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Revision as of 09:36, 9 May 2008 by Mike wilson.ca.ibm.com (Talk | contribs)

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Support for Multiple Languages

[Yes, this is a WIP.]

Although there are many reasons why it is desirable to support Eclipse development using multiple languages, in general these can be broken down into two broad categories:

  1. benefits of using a particular language
  2. benefits from enabling dynamic development

The benefits of being able to develop for Eclipse using specific languages include:

We extend the ability to develop for Eclipse to those who know how to program using that language.
This has potential to both increase the size of our community, and to make the experience better for our existing developers. For this to work however, it requires the resulting experience to be first-class. It isn't enough to be able to build toy applications; all the power of Eclipse must be available, and the programming style needs to be appropriate for the language. A good test case would be that some of the SDK plug-ins should be developed in some other language(s).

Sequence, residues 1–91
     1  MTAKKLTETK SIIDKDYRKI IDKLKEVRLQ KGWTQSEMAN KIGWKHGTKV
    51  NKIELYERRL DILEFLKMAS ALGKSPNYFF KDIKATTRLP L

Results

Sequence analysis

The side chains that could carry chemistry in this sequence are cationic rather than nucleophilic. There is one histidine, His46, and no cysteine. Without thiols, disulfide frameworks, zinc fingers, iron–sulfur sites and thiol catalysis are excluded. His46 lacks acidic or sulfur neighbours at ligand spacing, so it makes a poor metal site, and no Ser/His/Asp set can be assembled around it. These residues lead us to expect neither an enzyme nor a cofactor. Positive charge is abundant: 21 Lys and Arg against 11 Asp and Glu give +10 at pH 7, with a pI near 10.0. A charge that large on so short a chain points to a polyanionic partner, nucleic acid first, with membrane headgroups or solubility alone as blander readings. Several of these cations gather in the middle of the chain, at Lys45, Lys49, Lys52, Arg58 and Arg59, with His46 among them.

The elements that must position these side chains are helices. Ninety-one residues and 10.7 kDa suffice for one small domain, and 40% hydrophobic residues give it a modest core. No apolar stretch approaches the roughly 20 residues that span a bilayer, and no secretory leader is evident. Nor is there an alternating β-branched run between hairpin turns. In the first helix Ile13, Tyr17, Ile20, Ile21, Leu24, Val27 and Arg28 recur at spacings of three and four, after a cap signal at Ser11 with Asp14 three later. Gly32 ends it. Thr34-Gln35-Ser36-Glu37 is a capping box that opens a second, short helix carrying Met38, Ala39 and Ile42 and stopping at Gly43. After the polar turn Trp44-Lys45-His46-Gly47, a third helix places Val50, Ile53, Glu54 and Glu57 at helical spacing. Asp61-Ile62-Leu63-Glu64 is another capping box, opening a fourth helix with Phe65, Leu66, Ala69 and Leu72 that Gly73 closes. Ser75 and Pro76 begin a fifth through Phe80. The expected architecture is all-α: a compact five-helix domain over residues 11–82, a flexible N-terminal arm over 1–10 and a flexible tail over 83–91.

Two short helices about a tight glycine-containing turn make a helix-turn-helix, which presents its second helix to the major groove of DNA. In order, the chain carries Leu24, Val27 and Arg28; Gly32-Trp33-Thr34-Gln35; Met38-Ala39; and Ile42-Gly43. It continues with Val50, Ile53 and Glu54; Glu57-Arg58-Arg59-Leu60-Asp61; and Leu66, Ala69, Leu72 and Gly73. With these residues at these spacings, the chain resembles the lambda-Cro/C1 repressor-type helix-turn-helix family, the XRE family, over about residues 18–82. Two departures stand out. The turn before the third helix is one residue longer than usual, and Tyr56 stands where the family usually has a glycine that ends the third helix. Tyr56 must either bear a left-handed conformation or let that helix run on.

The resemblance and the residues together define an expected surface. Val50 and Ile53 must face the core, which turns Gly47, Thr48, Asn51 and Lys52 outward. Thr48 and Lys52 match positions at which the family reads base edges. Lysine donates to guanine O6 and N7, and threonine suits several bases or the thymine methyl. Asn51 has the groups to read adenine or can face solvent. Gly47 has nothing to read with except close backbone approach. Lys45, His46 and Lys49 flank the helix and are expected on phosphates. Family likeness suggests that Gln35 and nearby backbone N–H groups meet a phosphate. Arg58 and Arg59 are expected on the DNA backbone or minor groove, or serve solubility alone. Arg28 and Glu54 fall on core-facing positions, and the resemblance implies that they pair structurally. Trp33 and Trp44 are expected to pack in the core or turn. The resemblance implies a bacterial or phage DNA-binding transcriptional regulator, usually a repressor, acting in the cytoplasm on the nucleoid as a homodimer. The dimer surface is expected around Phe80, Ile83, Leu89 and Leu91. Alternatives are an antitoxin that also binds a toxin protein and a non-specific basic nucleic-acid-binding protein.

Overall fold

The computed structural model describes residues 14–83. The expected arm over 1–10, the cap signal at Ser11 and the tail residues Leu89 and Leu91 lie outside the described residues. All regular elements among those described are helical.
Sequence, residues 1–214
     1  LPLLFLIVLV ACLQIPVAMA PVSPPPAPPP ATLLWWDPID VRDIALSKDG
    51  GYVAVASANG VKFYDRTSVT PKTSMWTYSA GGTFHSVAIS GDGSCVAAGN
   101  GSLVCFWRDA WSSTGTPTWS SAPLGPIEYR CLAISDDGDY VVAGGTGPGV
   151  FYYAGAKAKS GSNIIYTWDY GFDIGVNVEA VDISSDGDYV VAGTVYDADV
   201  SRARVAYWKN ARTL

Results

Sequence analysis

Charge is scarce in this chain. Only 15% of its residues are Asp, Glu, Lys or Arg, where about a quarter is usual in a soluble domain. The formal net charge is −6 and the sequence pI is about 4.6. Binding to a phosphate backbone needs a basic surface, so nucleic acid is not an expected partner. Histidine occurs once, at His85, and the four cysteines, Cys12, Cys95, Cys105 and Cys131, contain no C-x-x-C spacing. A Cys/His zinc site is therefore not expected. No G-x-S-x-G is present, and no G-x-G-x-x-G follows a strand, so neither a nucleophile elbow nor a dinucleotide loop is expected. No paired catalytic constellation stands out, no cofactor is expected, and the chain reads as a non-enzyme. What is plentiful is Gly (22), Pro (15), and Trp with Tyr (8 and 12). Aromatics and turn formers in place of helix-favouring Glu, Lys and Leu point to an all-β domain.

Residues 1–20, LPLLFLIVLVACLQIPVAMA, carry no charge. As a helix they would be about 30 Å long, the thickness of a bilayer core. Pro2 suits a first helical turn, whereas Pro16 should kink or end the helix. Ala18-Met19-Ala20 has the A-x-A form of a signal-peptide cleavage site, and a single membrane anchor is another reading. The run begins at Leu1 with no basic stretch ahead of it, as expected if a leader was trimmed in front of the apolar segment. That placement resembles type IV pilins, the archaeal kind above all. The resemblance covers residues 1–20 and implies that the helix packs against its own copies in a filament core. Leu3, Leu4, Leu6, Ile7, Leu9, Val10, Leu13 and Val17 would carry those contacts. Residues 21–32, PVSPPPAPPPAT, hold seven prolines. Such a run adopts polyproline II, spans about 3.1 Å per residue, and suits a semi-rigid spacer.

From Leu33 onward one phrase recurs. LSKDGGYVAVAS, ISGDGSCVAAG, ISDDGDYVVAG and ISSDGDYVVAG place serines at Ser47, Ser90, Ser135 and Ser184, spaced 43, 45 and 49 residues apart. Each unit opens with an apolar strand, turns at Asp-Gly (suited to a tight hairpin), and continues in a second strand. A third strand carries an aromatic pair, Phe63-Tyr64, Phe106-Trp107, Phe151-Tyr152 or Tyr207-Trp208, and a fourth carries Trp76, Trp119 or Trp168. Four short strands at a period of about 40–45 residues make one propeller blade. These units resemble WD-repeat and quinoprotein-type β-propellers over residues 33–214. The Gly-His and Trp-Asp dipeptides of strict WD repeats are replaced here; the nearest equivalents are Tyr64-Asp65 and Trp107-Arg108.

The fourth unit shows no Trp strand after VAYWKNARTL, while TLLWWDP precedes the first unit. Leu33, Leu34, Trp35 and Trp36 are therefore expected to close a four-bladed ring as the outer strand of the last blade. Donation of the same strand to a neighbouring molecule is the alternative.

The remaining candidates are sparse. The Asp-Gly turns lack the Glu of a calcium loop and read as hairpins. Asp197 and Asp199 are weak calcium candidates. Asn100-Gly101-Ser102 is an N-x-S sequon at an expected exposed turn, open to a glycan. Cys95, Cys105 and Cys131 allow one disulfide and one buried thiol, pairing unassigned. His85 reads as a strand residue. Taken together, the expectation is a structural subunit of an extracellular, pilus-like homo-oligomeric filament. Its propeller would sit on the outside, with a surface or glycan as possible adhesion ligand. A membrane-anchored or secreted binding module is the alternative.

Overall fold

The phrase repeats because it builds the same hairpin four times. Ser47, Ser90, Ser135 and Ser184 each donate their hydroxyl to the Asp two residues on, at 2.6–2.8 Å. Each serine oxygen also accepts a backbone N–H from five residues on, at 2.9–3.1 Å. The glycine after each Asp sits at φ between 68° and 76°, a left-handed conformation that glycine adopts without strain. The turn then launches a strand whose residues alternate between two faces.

We allow Eclipse to be used in contexts where only that language can be used.
Of course, this assumes that the infrastructure to start the plug-in is available in that context, but this does not imply that all of Eclipse needs to be there — think "JavaScript bundles that run on the desktop and in web pages".
Depending on the direction that we take, OSGi could become significantly more flexible
Minimally, we need to extend OSGi to support the ability to recognize bundles written in other languages and locate/make available the required resources in order to run them. It's worth at least considering whether OSGi itself could benefit from being implemented in other languages, as way to bring the capabilities it provides to new environments (e.g. OSGi for the web, OSGi for (non-Java) embedded systems, etc.)

By enabling a more dynamic development style within Eclipse we:

It could be argued that making Eclipse development be more dynamic without moving to a different language, but the complexity of modifying java classes on the fly

- OSGi flexibility - Scripting - Grow the community - Dynamic development - Target dependencies